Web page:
Recently released art books put a little culture under the tree
If art aficionados are on your Christmas list, then you are in luck, because there are some wonderful art books that have been recently released, just in time for the holiday season.
Here is a look at a few of them:
“Curiosa: Celebrity Relics, Historical Fossils and Other Metamorphic Rubbish”
By Barton Lidice Benes
(Harry N. Abrams Inc., 131 pages, hardcover, $29.95).
Rare is the individual who would think to save the fingernail clippings of another, but so has artist Barton Lidice Benes, who has those of Frank Sinatra, among others. Add to that a snippet of Madonna’s panties and cigarette butts from Brad Pitt and Yoko Ono, and you have just a glimpse into Benes’ odd and strangely obsessive world in which common, everyday objects and detritus are collected and mounted in loose classifications he calls “museums.”
All of the objects are lovingly annotated in Benes’ handwritten script beneath each, as in “Larry Hagman’s gallstone, 1995.” In some cases, Benes places the objects side by side for ironic effects or alters them slightly, as when he fashioning a small dagger from a wood shard taken from O.J. Simpson’s house. Displayed this way, the objects are sometimes funny, sometimes downright freaky but overridingly fascinating — making for a most curious book.
“This Fantastic Struggle: The Life and Art of Esther Phillips”
By Lisa A. Miles
(Creative Arts Book Co., 456 pages, paperback, $18).
Artists do not fear death as much as they fear the death of their art. For in each of their creations there is a tiny drop of hope that their art will live beyond them.
Since first seeing the work of Esther Phillips in the fall of 1991 at the now-defunct Carson Street Gallery on Pittsburgh’s South Side, local author and violinist Lisa Miles spent nearly 10 years scouring institutional records and interviewing friends and family of Phillips, a painter who was raised in Pittsburgh in the early half of the last century, to try to find out all she could about the life of this artist that ended in anguish and obscurity.
Through extensive letters, interviews, institutional documents, artwork and newspaper articles, many of which are reprinted directly in the book, Miles pieces together Phillips’ story — one of prolonged poverty and nearly seven years spent in a mental institution, all for the sake of her art — effectively carrying the reader away on a quest to uncover an artistic life lost as if sleuthing out the subject right alongside the book’s author.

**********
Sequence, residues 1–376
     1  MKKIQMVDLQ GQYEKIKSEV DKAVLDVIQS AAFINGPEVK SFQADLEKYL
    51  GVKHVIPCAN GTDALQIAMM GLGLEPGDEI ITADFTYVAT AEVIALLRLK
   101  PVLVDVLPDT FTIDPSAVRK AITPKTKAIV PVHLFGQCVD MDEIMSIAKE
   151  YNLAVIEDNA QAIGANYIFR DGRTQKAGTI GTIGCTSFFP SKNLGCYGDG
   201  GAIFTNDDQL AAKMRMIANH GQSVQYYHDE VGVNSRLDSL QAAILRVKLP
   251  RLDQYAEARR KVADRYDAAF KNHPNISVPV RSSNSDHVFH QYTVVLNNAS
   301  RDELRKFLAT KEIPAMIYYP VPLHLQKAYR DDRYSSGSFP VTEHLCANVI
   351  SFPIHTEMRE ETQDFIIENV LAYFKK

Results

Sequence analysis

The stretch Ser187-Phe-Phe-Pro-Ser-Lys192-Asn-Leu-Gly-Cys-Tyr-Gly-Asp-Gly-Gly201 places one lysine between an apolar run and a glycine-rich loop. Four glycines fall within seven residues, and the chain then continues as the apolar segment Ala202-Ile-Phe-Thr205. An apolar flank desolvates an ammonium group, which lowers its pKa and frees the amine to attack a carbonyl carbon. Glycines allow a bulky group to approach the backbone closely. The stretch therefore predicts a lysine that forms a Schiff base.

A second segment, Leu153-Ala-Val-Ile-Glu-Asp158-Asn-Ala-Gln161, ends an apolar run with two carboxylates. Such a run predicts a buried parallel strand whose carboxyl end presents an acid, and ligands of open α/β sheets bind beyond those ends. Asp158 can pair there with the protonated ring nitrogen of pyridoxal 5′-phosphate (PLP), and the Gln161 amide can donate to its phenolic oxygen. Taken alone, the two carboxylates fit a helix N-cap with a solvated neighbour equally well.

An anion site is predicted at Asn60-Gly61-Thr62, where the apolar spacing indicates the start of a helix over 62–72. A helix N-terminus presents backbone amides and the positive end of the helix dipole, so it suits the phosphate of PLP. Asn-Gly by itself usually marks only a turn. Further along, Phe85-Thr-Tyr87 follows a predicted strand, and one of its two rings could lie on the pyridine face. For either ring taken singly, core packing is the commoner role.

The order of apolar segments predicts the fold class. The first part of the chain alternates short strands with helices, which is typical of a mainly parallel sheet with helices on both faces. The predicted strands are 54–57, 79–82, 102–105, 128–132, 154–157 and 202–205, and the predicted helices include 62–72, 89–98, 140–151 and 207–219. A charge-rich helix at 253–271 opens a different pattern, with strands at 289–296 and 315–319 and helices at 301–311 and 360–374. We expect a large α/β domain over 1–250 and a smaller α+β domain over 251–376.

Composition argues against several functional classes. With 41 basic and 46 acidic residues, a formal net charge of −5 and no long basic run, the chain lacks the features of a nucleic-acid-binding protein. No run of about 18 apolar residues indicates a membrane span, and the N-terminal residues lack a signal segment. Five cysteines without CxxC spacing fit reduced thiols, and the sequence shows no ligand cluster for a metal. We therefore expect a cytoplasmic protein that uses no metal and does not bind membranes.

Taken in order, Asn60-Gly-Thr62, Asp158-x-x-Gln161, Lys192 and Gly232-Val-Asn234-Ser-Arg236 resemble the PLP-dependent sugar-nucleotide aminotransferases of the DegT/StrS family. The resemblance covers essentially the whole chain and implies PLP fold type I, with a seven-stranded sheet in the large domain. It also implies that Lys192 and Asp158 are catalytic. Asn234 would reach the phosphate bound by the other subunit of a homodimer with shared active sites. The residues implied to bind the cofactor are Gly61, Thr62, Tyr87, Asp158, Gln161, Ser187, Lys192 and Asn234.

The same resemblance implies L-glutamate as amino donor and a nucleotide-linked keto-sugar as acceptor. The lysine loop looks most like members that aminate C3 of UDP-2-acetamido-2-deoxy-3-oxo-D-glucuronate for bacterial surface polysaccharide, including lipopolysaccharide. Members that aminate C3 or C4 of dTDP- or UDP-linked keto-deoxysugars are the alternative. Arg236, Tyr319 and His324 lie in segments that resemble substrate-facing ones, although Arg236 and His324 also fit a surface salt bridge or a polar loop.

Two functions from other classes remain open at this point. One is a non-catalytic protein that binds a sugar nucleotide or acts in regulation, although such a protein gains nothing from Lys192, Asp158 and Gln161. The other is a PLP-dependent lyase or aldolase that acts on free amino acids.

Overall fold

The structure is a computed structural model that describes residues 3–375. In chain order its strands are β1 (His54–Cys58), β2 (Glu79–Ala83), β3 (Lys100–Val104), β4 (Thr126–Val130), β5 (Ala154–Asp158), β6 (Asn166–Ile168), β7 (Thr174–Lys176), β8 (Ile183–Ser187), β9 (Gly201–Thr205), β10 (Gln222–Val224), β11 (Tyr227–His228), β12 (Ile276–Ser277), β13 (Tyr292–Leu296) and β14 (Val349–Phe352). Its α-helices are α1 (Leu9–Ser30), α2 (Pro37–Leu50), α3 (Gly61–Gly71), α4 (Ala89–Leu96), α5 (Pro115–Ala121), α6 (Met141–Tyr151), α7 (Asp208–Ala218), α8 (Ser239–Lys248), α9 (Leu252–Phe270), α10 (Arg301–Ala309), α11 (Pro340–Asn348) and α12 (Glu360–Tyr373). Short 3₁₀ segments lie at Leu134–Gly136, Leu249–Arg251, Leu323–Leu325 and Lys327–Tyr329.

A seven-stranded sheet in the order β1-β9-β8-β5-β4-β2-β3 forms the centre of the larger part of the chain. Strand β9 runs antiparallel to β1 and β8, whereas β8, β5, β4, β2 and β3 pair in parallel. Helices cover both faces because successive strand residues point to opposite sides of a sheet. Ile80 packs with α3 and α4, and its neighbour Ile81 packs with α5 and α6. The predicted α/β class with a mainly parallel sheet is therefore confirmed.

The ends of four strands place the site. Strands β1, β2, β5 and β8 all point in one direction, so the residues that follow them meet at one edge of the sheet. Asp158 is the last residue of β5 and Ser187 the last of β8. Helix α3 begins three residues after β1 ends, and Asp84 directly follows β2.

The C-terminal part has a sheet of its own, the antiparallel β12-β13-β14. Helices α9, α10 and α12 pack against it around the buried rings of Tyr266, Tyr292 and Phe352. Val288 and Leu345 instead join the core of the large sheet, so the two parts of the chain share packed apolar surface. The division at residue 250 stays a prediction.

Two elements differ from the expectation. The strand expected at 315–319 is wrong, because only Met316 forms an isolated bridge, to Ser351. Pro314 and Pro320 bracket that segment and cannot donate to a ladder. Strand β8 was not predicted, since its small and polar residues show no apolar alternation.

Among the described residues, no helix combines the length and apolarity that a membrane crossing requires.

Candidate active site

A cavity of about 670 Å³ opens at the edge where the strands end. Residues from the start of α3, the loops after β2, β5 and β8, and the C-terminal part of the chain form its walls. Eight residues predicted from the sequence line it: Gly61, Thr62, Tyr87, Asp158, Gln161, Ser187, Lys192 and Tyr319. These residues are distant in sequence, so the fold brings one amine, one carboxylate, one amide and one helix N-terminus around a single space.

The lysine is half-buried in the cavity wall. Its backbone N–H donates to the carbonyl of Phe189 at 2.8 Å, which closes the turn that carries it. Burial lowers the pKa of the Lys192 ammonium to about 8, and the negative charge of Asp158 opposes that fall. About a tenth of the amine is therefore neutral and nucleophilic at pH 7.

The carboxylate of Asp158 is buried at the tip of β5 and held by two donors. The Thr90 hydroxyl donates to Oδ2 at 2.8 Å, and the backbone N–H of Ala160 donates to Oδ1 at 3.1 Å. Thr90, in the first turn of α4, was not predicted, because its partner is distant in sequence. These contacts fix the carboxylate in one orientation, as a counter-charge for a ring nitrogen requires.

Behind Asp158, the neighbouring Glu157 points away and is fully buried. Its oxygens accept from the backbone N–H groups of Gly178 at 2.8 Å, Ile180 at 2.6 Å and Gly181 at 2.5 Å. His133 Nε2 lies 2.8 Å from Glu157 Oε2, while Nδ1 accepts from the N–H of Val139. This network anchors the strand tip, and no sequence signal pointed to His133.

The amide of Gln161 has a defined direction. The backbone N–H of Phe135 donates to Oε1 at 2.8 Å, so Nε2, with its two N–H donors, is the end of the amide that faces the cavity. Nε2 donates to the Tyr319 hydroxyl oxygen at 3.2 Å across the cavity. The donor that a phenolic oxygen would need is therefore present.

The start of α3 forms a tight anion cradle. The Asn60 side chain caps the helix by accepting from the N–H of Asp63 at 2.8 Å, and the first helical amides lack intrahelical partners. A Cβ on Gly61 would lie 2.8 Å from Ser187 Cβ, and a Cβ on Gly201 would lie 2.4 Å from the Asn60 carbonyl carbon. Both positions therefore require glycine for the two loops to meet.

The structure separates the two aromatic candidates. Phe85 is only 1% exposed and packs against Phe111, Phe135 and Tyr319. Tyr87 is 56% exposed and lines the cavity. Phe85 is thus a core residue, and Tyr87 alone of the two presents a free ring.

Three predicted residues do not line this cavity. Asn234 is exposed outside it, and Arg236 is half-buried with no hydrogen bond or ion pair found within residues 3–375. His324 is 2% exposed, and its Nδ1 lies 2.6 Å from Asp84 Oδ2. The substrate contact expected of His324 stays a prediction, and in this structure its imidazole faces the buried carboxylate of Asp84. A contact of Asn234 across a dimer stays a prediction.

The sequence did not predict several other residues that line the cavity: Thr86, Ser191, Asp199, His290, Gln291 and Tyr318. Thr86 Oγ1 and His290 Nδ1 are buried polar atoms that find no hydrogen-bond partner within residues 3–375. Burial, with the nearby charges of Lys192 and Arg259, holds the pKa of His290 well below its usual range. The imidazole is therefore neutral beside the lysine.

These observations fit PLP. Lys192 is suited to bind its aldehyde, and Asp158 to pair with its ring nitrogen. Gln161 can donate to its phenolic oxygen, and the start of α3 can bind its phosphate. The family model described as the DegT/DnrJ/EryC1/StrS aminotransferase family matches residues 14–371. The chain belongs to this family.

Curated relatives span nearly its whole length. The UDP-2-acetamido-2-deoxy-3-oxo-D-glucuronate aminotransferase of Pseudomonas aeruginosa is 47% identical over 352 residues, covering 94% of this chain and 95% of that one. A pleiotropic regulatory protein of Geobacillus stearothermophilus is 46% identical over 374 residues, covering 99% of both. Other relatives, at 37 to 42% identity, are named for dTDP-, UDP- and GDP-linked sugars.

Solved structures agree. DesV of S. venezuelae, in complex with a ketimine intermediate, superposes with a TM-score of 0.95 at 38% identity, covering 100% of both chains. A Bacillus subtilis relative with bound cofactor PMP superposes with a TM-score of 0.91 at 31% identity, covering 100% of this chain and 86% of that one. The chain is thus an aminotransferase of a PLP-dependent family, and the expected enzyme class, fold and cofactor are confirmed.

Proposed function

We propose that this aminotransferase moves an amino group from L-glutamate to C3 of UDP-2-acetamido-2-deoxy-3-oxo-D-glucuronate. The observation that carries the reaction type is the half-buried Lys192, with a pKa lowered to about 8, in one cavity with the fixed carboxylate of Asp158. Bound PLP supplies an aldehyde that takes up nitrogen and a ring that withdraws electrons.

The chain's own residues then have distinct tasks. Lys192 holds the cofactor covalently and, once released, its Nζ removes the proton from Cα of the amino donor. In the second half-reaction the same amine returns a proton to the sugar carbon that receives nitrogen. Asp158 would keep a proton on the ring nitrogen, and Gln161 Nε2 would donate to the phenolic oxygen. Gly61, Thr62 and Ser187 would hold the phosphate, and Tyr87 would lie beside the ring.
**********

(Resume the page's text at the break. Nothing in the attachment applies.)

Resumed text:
“The Comics Since 1945”
By Brian Walker
(Harry N. Abrams Inc., 336 pages, hardcover, $49.95).
Who better to compile a book on newspaper comics than “Hi and Lois” cartoonist and noted comic art historian Brian Walkerâ¢ As the son of “Beetle Bailey” creator Mort Walker, the younger Walker grew up in the world of comics and has used his experiences and connections to cultivate a most remarkable compendium of comic art that spans over a half-century.
From “Nancy” and “Pogo” to “Mutts” and “Zits,” the book traces the evolution of newspaper comics and their artists decade by decade. Although it is about as scholarly a work as one could get on the subject, the book is filled with excellent examples of some of the best comics ever created, and almost all are good for a chuckle. You might even laugh your #@!! off.
“Exploring the Invisible: Art, Science, and the Spiritual”
By Lynn Gamwell
(Princeton University Press) 344 pages, hardcover, $49.95.
All the more recently, modern art and modern science have been crossing paths, but rarely have correlations between the two been so elegantly and clearly explained as they are in this book by Lynn Gamwell, a museum director, curator and professor.
By tracing the connections between art and science over the past two centuries, Gamwell effectively bridges the gap between both fields and explains how each has influenced the other.
Illustrated profusely throughout with art that ranges from the Romantic movement of the early 19th century to the present day, as well as scientific drawings and diagrams, it is a “must have” for any art or science buff.
“Alfred Stieglitz: The Key Set”
By Sarah Greenough
(Harry N. Abrams Inc., 1,100 pages, two-volume set, hardcover, $150).
Weighing in at a whopping 20 pounds, this is one gift you might want to help Santa with unloading from the sleigh. But its size is justified, considering that this two-volume set is the most comprehensive catalog ever printed of the photographic works of Alfred Stieglitz, who was one of the leading proponents of modern photography and art.
Recognized for his widely published image “The Steerage” (1907), a photograph of immigrants crowding the deck of an arriving ship, Stieglitz also is known for founding Photo-Secession in 1903, a group dedicated to nontraditional pictorial photography, and producing a quarterly magazine called Camera Work that reproduced high-quality images of the group’s work.
Spanning 50 years of Stieglitz’s photographic output, both volumes are filled with numerous images of New York City, landscapes, clouds and women.
Of the portraits of women, the most recognizable is painter Georgia O’Keeffe, who was Stieglitz’s wife. In fact, he took more than 300 portraits of O’Keeffe between 1917 and 1937, and they are scattered throughout, making for a “Where’s Waldo?” experience in what is an otherwise scholarly and beautiful two-volume set.